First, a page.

Rodney’s stuff is still outstanding, and he's been better ever since his early-season struggles. However, his command is a serious shortcoming, and he doesn't miss as many bats as he should.
Kazmir has turned the clock back on his stuff in 2013, and he’s displayed a much better idea of where it’s going than he did when he was last in the majors, in 2011. His ability to eat innings is still very much limited, however, and the DL stint he needed earlier in the season served as a reminder that his health can't be counted on.
Aoki is the best in the league at putting the bat on the ball, and he has a terrific arm that fits well in right field. It's too bad that he doesn't have the power for the position and that he's also a mediocre baserunner.
He doesn’t always make the game look pretty, but Dirks is the kind of dirt-dog player every team should have. He's a decent hitter who can make things happen out in the field.
Doubront is a decent source of strikeouts and ground balls, but his command is still hit or miss, and this season has seen him feature flatter stuff than what he had in 2012. He's not bad for a lefty starter, but he's probably closer to a back-end guy than a mid-rotation guy.
The only good pitch Griffin has at his disposal is a big, loopy curveball that occasionally jellies a few legs, but his game is more about hitting spots and changing speeds. He’s able to maintain about an average strikeout rate that makes life a little easier, but he’s also a home run magnet.
Hughes' arsenal needs more than just his fastball and breaking ball, and he can still be touched up for home runs easily enough. But in his defense, Yankee Stadium does him no favors. His fly-ball style would play well just about anywhere else.
Morrow’s injury track record is now even more distressing than it already was, and it’s all a damn shame. His fastball-slider-splitter combination is deadly when he has it working, and he’s showed much-improved command of his stuff when he's been able to pitch the last two years.
Cingrani’s fastball is terrific enough to rack up swings and misses all on its own, and as such it has proven to be an effective weapon for him as a starter. But he could stand to expand his repertoire and harness some command, and the back problems he's experienced are a red flag.
Beachy's elbow didn't respond well to his return to action, but he continued to show off the kind of control he had in 2012 and at times flashed some of his old electric stuff. He's a candidate for a rebound season in 2014.
More power would be nice, and it’s a good idea to avert your eyes when Martinez is running the bases. But after a very slow start to his season, he’s done nothing but make it clear that he can still hit with the best of 'em.
With potential plus tools to his name, it’s obvious why Buxton is regarded as baseball’s consensus No. 1 prospect. Beyond his eye-popping natural ability, the outfielder possesses secondary skills that are uncommon in a player his age.
Hart hasn't played in 2013 as he's recovered from various injuries, so he naturally didn't make out so well in the health portion of this project. But fully healthy, he offers a solid approach at the plate and some power to go with it.
There are better relievers in high-leverage situations than Marshall, and there are certainly relievers who come with fewer health concerns. But any lefty with two nasty breaking balls, good command and an ability to miss bats is a lefty who'd be a welcome addition to any bullpen.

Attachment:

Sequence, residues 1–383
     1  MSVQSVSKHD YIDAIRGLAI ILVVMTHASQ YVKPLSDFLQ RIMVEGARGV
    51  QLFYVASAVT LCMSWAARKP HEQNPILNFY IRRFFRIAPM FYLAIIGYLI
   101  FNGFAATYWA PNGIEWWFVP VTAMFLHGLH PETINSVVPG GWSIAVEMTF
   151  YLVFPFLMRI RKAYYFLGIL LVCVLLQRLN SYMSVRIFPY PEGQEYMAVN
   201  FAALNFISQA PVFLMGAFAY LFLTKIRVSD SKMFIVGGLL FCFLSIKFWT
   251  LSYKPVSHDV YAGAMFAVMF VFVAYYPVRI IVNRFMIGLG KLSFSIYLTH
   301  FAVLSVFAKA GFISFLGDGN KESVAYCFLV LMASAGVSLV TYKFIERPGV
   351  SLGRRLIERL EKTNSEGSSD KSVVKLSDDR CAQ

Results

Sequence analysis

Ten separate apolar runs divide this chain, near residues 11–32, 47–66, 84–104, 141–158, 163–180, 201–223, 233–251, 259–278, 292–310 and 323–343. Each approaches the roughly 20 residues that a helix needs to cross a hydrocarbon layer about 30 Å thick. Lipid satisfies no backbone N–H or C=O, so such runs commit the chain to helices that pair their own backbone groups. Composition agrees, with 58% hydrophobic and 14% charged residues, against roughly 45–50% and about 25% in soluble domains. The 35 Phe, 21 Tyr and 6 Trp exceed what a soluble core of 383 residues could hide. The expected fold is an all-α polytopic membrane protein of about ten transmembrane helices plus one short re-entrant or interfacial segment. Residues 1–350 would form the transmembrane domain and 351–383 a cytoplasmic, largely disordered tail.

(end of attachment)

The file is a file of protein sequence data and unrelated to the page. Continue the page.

Grandal’s career has had nothing but bad things happen to it since the end of his promising rookie season, as he was first busted by the PED police and then busted in a major way by the injury bug. But he has a better bat than most catchers and is a good receiver behind the dish.
Pennington can't hit much, but he's one of the best defenders in the business at shortstop. Because it's a premium defensive position, that's worth something.
Cahill is one of the game’s preeminent sinkerballers, throwing his sinker over half the time and using it to consistently rack up high ground-ball rates. He’s prone to inconsistency, however, and that's been the case this season.
The depth of Maholm’s repertoire is good enough to make up for the relative mediocrity of his pitches, and he has the control to make these mediocre pitches effective. But he can be hit hard when the smoke and mirrors aren’t working, and he’s the kind of innings eater who’s really only good for six innings.
Vogelsong’s repertoire runs deep, as he’s featured a four-seamer, two-seamer, cutter, curveball and changeup all at least 10 percent of the time in 2013. But while his command can be impeccable when he’s on, he’s generally not much for pounding the zone, is only about average at limiting walks and isn't particularly good at missing bats.
Mercer isn't the best defensive shortstop you're going to come across, but he has a good bat for the position, which qualifies him as an above-average regular.
Barney can’t hit, but anybody looking for a sure thing on defense at second base is required to at least glance in his direction.
You never know what you’re going to get when Stubbs is at the plate, but his bat has recovered a bit from his disastrous 2012 season. He also offers speed and solid defense in right field.
Hanigan’s lousy season at the plate can’t be ignored, but he’s still earning his keep with his work behind the plate. He's one of the best in the business on defense at a position where defense is more important than it is anywhere else.
Avila’s career has taken a downturn since his All-Star season in 2011, and there have been times throughout 2013 when he’s been hard to watch. But he’s a quality hitter for a catcher and has been busy proving as much in the second half when he's been able to get in the lineup.
The move away from Fenway Park wasn't the best move for Ross’ power. However, his bat is decent, and he has a good glove that's versatile to boot. His low standing in these rankings has a lot to do with his hip injury.